# What is the typical error in large vote counts?

Well the EU referendum happened in the UK and there was some talk about what happens if the result is a tie, or if it is very close. Apparently, there would not be a recount unless there was a specific problem with the counting in one area. I am not interested in the legal questions of what happens if the result is close. The person who has the largest number of declared votes wins. That's how it works.

What I am interested in whether anyone has estimated the error on the final results? When people count up all the votes, they make accidental mistakes. If you counted all the votes ten times you would likely get ten different numbers which is why people do recounts to check that the result is correct.

Has anyone ever looked at data from recounts in previous elections, either in the UK or elsewhere, to estimate the sort of standard deviation that we can expect. If you do two recounts and the results differ by a hundred votes in ten thousand, is this statistically significant or is it within the expected error from human counting?

I hope the question is clear now. Please ask if it is not.

• check this link about US elections, maybe it would give you an idea :) Jun 24, 2016 at 8:33
• What error margin? All the votes are counted; the biggest one wins. Simple majority. There is no error margin. This question doesn't make sense. It's a vote, not a survey.
– TRiG
Jun 27, 2016 at 0:18
• @TRiG I don't think you understand my question. I have edited to provide a bit more explanation.
– bon
Jun 27, 2016 at 17:31
• @GautierC That doesn't answer the question. The question is about the standard deviation on the number of votes counted for each side. We do not know with absolute certainty that the number of votes stated is the correct number that were cast because there is some degree of human error in the counting process.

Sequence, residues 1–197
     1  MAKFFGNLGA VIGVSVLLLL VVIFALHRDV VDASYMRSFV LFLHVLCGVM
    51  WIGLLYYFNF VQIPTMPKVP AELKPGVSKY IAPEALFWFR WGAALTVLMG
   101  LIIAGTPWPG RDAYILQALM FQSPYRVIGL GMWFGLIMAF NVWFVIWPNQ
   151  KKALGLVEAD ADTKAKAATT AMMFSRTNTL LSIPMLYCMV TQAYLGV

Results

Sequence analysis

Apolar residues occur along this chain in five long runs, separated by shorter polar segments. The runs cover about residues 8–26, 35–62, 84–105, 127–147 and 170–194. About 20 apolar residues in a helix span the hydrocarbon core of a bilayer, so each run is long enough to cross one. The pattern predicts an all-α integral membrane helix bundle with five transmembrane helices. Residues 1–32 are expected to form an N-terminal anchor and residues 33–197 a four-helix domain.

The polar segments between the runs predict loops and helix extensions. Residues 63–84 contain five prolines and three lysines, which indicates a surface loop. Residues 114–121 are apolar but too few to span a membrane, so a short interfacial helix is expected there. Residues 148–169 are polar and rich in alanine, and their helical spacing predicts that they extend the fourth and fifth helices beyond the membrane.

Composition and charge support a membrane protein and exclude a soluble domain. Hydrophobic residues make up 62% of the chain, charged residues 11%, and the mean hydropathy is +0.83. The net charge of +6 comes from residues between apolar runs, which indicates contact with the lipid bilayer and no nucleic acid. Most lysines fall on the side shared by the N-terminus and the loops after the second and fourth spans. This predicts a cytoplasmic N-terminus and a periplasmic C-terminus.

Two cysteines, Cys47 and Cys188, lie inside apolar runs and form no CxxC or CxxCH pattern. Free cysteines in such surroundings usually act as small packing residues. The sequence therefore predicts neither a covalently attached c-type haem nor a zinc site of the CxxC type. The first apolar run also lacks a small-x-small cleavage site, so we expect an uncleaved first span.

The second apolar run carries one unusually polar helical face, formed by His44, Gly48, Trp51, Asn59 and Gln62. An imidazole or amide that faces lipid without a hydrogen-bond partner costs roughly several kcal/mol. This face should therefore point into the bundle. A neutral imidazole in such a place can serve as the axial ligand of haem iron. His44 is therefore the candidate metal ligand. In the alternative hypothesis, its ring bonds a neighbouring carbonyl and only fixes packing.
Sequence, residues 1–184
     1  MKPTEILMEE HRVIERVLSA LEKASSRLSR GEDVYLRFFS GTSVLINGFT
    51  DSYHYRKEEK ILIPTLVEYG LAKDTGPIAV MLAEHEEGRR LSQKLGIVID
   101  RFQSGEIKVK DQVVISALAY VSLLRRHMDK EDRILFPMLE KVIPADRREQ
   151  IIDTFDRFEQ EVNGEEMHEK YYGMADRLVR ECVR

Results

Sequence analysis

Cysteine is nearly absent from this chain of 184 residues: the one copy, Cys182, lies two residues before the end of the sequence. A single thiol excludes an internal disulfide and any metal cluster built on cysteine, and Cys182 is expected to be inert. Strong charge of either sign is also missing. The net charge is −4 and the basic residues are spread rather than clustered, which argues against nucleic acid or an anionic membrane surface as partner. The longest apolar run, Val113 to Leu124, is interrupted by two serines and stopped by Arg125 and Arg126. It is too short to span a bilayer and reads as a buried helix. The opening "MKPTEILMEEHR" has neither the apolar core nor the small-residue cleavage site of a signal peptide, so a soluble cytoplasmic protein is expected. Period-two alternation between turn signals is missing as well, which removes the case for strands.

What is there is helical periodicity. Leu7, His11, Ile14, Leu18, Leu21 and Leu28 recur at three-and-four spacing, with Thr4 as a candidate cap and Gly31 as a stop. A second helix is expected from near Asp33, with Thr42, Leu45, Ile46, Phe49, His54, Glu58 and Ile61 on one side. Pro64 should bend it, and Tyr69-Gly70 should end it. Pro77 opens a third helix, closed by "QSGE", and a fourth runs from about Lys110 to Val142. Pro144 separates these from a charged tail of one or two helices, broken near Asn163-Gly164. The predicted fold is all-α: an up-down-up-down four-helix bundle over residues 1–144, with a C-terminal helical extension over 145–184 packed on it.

– bon
Jan 14, 2017 at 9:50

## Margin of Error

There is no error margin for vote counting.

Margin of error is a measurement of uncertainty that results from sampling. When votes are counted, they don't pull a random of sample of ballots to count; they count all of them. Therefore, there is no margin of error.

## Measurement Error and Research

However, there may be measurement error. This is the error introduced by measuring (counting) votes. I searched through some political science journals (through JSTOR) and didn't find anyone who has done the research you want.

This is likely because there is no good example to study. In order to do this research correctly, you would need a single election with a large number of recounts. This doesn't happen, ever. It's unlikely to have a single recount, let alone enough to generate some useful inferences.

Why not look at a large number of elections each with one recount? Because with only two observations you won't be able to tell anything useful. It's entirely possible that with only two observations, both of them are unreasonably high or low. In the best circumstance, your conclusion would only be a range of possible differences between the two vote counts ("95% of recounts resulted in a difference of between 1%-3%", for example). This doesn't tell you anything about what the true value of any of the elections are.